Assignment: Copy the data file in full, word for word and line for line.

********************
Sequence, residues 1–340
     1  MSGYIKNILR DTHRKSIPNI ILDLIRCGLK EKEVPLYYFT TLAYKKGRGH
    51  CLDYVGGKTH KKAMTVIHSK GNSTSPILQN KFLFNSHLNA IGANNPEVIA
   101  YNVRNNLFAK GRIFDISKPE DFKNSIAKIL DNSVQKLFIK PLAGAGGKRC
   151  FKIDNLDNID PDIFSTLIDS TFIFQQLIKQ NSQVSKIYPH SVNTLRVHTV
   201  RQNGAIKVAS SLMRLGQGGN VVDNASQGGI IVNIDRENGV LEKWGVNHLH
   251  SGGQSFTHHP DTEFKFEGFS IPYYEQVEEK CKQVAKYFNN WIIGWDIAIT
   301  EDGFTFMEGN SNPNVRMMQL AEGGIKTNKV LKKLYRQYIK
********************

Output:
Sequence, residues 1–340
     1  MSGYIKNILR DTHRKSIPNI ILDLIRCGLK EKEVPLYYFT TLAYKKGRGH
    51  CLDYVGGKTH KKAMTVIHSK GNSTSPILQN KFLFNSHLNA IGANNPEVIA
   101  YNVRNNLFAK GRIFDISKPE DFKNSIAKIL DNSVQKLFIK PLAGAGGKRC
   151  FKIDNLDNID PDIFSTLIDS TFIFQQLIKQ NSQVSKIYPH SVNTLRVHTV
   201  RQNGAIKVAS SLMRLGQGGN VVDNASQGGI IVNIDRENGV LEKWGVNHLH
   251  SGGQSFTHHP DTEFKFEGFS IPYYEQVEEK CKQVAKYFNN WIIGWDIAIT
   301  EDGFTFMEGN SNPNVRMMQL AEGGIKTNKV LKKLYRQYIK